Altrio Sizes Up Pasadena for Launch

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Altrio Communications, one of the newest players on the overbuild scene, has chosen Pasadena, Calif., as its inaugural market.

The Los Angeles-based start-up recently filed to begin negotiating a deal with the community, which consists of 56,000 households at the base of the San Gabriel Mountains. It was also expected to file last week in nearby Monrovia, Calif.

Altrio holds a Federal Communications Commission license to build open-video systems for 600,000 households in Los Angeles, Ventura and Orange counties.

Although it does not technically require a cable franchise, Altrio must negotiate an arrangement that gives it access to public rights-of-way in each community it enters.

"It's similar to a cable franchise," said Altrio spokeswoman Brenda Trainor. "What each community wants to call it is up to them."

In Pasadena, Altrio will compete with Charter Communications Inc. and Pacific Bell. In Monrovia, the competition will be Adelphia Communications Corp. and Verizon Communications.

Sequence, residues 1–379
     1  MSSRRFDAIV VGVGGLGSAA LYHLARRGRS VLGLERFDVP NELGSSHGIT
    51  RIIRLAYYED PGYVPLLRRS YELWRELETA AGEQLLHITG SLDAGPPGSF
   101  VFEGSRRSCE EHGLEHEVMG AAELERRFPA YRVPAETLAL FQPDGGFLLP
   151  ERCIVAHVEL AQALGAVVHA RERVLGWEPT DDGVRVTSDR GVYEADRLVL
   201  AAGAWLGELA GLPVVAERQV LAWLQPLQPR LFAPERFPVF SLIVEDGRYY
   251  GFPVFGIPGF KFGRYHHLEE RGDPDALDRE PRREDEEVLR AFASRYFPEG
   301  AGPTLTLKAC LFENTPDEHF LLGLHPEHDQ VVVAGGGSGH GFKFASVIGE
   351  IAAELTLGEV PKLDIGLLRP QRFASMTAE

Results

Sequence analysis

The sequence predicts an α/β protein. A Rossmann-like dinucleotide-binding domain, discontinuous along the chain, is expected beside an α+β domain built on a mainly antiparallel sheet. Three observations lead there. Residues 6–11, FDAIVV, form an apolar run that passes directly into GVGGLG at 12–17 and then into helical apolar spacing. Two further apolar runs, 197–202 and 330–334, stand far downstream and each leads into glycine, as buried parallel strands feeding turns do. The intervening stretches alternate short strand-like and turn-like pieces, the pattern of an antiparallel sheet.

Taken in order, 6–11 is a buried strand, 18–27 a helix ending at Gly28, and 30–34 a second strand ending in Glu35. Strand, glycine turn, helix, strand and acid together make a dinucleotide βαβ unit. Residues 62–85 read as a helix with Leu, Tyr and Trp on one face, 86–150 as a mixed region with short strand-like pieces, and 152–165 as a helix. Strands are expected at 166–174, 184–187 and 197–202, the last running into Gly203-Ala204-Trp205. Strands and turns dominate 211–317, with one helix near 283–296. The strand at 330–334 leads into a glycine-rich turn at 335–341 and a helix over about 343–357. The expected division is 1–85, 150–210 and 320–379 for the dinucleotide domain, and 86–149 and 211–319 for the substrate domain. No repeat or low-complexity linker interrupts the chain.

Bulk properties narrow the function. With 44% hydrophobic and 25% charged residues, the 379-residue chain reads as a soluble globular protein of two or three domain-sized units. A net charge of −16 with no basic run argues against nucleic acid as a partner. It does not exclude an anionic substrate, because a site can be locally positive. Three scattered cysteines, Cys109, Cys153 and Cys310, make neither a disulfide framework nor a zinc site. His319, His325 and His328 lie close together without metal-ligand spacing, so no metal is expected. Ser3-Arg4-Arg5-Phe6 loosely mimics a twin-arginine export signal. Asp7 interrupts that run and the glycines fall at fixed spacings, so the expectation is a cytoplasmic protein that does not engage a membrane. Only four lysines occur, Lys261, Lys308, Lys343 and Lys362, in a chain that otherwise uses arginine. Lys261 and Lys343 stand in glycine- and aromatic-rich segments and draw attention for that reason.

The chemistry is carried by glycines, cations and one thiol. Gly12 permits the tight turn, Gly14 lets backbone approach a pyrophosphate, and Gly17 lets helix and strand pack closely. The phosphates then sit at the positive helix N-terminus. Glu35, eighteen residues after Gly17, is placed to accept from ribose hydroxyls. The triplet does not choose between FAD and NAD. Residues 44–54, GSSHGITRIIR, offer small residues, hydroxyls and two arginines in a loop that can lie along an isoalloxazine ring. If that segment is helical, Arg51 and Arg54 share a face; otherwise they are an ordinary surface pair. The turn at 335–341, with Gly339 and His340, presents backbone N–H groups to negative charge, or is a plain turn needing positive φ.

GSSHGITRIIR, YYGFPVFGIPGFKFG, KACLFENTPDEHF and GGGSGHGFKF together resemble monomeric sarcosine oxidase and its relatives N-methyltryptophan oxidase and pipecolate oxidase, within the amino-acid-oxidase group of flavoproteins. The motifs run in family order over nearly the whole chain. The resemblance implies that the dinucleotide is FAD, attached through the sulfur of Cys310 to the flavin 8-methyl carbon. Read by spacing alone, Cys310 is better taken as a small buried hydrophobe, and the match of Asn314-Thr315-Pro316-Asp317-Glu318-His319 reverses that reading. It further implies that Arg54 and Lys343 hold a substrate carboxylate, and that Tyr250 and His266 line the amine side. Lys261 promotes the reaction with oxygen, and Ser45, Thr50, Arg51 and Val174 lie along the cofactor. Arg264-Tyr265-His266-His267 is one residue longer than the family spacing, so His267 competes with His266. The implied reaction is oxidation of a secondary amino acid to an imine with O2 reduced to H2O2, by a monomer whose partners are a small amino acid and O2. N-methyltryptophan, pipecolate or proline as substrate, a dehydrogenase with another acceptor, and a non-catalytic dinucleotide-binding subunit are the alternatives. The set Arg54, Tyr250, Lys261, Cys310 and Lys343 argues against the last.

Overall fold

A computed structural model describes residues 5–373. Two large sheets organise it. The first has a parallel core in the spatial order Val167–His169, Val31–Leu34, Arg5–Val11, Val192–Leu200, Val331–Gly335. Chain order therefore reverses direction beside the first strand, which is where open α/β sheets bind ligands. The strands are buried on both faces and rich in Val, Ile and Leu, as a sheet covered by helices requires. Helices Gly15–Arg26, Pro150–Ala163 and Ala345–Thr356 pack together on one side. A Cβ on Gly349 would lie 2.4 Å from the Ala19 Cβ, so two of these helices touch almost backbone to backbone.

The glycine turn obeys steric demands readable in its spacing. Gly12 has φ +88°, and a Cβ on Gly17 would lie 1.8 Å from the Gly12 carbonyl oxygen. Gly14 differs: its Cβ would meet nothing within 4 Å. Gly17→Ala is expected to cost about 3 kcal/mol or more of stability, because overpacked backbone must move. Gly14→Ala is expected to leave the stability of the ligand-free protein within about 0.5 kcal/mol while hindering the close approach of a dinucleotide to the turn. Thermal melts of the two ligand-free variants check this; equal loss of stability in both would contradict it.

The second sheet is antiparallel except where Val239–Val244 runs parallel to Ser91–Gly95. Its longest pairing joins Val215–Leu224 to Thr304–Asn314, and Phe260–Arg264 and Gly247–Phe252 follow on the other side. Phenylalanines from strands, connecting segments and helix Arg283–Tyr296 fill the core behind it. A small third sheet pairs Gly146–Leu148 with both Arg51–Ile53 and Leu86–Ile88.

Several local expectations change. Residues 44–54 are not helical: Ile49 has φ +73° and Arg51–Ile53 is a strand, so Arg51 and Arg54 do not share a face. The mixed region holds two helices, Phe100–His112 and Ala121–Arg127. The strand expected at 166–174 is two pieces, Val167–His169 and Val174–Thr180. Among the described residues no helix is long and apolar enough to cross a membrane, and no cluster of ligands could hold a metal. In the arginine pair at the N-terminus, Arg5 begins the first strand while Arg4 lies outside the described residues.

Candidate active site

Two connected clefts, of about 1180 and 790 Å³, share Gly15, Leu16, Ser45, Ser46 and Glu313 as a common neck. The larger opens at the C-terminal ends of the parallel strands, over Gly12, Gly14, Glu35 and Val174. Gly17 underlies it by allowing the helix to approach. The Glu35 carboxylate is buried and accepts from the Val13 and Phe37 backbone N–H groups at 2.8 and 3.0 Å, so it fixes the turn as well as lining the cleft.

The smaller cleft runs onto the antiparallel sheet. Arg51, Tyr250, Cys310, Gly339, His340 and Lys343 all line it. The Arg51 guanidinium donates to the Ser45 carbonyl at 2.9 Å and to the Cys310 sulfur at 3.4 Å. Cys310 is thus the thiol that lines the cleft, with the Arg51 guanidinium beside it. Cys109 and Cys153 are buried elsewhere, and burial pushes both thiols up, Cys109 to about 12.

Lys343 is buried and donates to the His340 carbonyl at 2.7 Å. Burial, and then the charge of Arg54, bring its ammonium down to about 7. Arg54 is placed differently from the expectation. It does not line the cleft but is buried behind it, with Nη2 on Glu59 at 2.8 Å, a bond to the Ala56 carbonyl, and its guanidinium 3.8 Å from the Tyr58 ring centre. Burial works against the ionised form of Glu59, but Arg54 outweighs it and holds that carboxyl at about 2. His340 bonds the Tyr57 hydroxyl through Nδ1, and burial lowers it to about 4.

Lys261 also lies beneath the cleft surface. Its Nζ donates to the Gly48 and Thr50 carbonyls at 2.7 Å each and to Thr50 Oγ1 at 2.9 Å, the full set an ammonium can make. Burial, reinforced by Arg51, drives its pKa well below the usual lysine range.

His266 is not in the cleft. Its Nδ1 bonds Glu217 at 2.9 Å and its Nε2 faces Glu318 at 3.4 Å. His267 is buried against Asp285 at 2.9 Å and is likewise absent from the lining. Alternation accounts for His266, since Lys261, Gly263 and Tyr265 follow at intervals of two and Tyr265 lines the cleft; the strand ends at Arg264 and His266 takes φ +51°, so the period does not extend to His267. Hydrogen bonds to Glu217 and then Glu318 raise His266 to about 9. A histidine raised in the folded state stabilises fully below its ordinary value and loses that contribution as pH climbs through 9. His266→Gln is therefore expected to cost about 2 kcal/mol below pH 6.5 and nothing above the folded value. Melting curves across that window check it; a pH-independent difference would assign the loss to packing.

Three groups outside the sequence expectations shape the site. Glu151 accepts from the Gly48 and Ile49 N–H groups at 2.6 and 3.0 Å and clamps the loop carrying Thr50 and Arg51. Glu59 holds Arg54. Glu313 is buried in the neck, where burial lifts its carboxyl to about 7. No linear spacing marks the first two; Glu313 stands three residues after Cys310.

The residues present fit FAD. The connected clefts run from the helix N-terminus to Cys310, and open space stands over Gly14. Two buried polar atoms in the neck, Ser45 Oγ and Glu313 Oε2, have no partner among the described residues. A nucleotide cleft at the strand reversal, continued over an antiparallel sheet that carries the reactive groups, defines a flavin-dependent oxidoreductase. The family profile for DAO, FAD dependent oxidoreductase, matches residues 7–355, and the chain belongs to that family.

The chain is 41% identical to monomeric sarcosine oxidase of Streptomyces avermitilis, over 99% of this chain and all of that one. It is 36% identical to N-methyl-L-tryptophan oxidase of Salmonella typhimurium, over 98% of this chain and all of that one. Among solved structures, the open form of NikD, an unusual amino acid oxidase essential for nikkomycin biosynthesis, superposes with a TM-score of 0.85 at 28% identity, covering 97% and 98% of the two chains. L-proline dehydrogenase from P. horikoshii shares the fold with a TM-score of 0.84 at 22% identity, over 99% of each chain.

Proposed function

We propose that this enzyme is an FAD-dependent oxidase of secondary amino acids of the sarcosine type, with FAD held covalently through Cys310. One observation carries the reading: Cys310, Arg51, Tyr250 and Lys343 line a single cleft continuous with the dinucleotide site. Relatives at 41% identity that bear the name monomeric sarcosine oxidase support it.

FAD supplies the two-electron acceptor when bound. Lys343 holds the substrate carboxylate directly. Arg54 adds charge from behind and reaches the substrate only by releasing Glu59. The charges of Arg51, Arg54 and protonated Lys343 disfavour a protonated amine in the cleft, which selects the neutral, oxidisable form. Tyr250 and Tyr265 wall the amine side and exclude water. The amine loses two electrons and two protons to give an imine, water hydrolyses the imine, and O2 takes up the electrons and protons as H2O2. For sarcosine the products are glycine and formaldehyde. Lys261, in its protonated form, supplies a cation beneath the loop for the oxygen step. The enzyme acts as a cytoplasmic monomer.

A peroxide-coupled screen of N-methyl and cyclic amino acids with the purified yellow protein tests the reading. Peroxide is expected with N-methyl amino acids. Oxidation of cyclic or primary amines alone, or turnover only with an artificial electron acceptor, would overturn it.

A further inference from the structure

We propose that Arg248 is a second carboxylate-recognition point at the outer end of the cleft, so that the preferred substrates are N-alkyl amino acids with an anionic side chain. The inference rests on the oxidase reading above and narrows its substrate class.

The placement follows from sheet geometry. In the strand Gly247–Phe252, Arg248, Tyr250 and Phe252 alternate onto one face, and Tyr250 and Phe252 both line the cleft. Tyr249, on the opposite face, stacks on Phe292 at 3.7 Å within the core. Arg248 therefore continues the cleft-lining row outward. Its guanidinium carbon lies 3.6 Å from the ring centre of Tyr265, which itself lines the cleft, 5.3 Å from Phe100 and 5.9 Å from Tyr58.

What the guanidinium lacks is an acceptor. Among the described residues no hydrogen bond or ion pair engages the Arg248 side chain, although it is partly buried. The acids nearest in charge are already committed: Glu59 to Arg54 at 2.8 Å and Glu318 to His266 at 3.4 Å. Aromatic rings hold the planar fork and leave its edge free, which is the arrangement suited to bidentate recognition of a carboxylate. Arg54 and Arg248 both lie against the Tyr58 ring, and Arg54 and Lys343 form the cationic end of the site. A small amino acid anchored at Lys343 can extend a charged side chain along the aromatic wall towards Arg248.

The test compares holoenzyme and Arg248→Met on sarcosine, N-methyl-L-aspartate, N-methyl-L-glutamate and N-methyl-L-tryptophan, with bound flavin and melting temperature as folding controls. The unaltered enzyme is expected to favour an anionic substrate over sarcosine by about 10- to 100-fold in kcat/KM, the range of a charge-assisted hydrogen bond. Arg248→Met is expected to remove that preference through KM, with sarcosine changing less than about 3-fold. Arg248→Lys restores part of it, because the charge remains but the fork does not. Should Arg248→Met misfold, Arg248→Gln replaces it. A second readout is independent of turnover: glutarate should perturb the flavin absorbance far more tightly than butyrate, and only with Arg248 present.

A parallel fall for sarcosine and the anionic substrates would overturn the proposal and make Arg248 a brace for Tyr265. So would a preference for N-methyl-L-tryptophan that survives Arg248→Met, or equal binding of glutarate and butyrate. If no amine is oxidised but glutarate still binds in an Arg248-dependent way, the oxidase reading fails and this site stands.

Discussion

"We find these markets to be very attractive in terms of demographics," Trainor said. "They're also markets that our founders are very familiar with."

Altrio's founders consist of the management team that helped build InterMedia Partners into a major MSO.

Meanwhile, the San Diego County Cable Commission last week granted Western Integrated Networks LLC a 15-year franchise that covers the county's unincorporated areas. The deal could be approved by the San Diego County Board of Supervisors sometime next month.

The company already has a franchise in the city of San Diego, where it will compete against Cox Communications Inc. and Time Warner Cable. Unlike the incumbents, which divided up more than 300,000 local cable subscribers, Western Integrated promised to build out the entire city.

Time Warner spokesman Mike Luftman said there were obvious advantages in WIN's covering the entire San Diego market, but not enough to "tilt the table."

"All we ask is a level playing field," he said. "As long as we get that, we're ready to compete."

In Tennessee, the Memphis City Council ignored protests from Time Warner Cable and others and unanimously approved plans by an affiliate of its municipal power company to build a fiber network to deliver telecommunications services.

The approval was a bit premature, though. The project planned by Memphis Networx, a spin-off of Memphis Light, Gas & Water, has yet to be approved by the Tennessee Regulatory Authority.

The utility subsidiary plans to deploy a $100 million plant throughout Memphis and surrounding Shelby County to provide telephone, Internet and cable services.

Investors in the spin-off, according to information submitted to the city, include the CEO of Memphis-based FedEx Corp. and the chairman of National Commerce Bancorporation.

The utility lent $20 million to its affiliate, to be repaid over nine years.

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